By GAIL OBER, LACONIA DAILY SUN
GILFORD — Perhaps tonight will be the night the Gilford Budget Committee approves next's year's school spending, including $1.6 million in teacher raises over three years, but last Thursday there was no progress. Three key warrant articles, including the proposed 2017-18 operating budget, were tabled.
The committee will reconvening in a special meeting tonight (Tuesday) at 6:30 p.m. in the Town Hall to discuss and decide whether to put its stamp of approval on the operating budget, the money portions of the proposed three-year teachers contract, and a petitioned warrant article the mandates the Budget Committee and not the school administration create the default budget.
Ironically, after reviewing the default budget at the Jan. 5 committee meeting, members, including Chairman Norman Silber, who was its biggest critic, seemed satisfied with the final budget, which included the removal of the one-time only expenditures.
The administration said it also removed the $110,000 for the 2017-18 default budget that occurred in the 2015-16 budget that was not removed from this year's default budget. This money was spent on the Imagination Play Station.
The school district is operating on a default budget for this year, as voters rejected last year's proposed budget. A 3 percent raise was not included in it; however, School Board members moved some money around and gave the raises anyway.
While that raise is removed from the proposed default budget, it is included in the proposed budget, plus an additional 1.75 percent across-the-board raise for 2017-18.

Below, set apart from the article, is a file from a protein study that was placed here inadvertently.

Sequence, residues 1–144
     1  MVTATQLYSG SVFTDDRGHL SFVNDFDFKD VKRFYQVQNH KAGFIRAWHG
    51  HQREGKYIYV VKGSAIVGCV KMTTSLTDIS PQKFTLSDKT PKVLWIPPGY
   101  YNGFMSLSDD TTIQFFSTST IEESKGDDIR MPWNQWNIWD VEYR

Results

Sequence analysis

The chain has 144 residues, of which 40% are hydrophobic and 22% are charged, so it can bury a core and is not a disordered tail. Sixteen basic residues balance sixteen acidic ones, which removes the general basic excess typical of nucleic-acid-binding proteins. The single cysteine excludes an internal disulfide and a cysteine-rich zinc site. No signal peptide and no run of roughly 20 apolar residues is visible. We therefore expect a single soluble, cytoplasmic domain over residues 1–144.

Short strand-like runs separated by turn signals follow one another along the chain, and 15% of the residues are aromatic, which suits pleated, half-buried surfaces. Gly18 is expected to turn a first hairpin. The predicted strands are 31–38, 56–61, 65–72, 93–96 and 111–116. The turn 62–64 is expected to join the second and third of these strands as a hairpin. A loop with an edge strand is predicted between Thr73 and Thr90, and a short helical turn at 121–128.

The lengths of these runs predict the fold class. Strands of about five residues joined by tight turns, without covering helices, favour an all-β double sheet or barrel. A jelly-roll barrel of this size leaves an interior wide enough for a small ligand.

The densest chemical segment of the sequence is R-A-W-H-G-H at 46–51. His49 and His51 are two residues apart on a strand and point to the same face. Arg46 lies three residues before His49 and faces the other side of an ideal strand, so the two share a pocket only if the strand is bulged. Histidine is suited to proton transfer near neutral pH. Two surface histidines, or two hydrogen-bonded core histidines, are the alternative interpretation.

Silber said Monday that he is not necessarily opposed to some raises for the lower-paid staff, depending on their income now, but would not support any raises for administrators. At best, he said he could support the same raise for administrators as those who receive Social Security, which is 0.5 percent, or about $5 a month.
Unlike Silber, Budget Committee Vice Chairman Kevin Leandro said he supports the raises for all of the non-union employees but not for the administrators.
The committee also declined to vote on whether to recommend the raises proposed in the negotiated three-year contract with the Gilford Education Association. Silber said not only is it one of the largest raises he seen in a number of years, it doesn't include a big enough increase in the amount each teacher pays for his or her health insurance.
Superintendent Kirk Beitler said he supports the contract because Gilford did get its employees to pay for 10 percent of their coverage in the third year of the contract, and that compared to salaries of other teachers in the competition area, Gilford salaries for teachers are slightly lower than the rest of the area.
Beitler added that it is important the school district keeps its seasoned teachers, and noted that some teachers in the math and science disciplines are hard to get because they can earn much more in industry.
"We got them to 10 percent, but it cost us in salaries," Beitler said.
Leandro said the teachers union had a very weak hand, in that they can't strike, and the negotiating team of Karen Thurston and Sue Allen could have done a better job with a contract more favorable to the taxpayers.
Some committee member expressed displeasure that Allen is on the negotiating team and her daughter is on the payroll.
The general contention of the Budget Committee is that the new contract, which adds $300,000 in the first year and will eventually cost the school district's taxpayers $1.6 million over three years, coupled with the proposed budget, which is up 1 percent but includes the first bond payment for the Elementary School renovations, means the district is closing in on a $600,000 increase that they believe is unsustainable in the near or long-term future.
"You blew your budget before you even bought a pencil," Leandro said, reminding the administrators and the room full of teachers that last year's budget was voted down because of a similar increase.
The School Board also tabled a discussion on whether the Budget Committee should prepare the default budget. Silber said Monday that, as a petitioned warrant article, the School Board can give its recommendation but the Budget Committee may not.
"We are only concerned with the money articles," he said.
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